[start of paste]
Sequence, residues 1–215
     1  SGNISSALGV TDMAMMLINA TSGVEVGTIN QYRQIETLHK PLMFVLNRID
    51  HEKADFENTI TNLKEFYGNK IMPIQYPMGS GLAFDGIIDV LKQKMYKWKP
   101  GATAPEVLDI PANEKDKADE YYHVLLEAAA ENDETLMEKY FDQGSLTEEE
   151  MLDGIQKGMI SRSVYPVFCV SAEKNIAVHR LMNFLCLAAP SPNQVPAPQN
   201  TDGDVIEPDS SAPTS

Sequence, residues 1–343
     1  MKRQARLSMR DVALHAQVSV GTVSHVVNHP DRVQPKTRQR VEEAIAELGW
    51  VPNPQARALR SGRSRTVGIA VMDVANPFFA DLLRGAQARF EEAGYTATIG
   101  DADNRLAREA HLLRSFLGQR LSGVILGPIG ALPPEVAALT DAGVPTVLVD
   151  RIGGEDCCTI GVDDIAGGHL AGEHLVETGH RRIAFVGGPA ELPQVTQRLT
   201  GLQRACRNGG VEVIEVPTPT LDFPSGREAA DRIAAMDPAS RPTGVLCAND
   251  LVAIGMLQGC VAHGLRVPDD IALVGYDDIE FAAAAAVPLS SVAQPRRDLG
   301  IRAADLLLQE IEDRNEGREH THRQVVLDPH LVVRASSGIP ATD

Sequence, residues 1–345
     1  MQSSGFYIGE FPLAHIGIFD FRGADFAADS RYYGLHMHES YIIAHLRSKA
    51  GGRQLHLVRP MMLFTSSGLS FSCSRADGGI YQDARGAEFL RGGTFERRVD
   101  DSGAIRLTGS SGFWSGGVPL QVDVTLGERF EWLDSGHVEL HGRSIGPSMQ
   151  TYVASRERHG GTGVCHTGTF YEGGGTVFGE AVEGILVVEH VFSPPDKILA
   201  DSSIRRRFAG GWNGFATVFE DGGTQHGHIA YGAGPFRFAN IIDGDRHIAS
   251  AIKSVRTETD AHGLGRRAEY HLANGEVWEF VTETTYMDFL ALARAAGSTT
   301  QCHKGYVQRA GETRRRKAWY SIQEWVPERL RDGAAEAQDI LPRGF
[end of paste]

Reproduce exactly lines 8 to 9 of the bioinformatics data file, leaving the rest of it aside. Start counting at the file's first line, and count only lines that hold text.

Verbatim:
     1  MKRQARLSMR DVALHAQVSV GTVSHVVNHP DRVQPKTRQR VEEAIAELGW
    51  VPNPQARALR SGRSRTVGIA VMDVANPFFA DLLRGAQARF EEAGYTATIG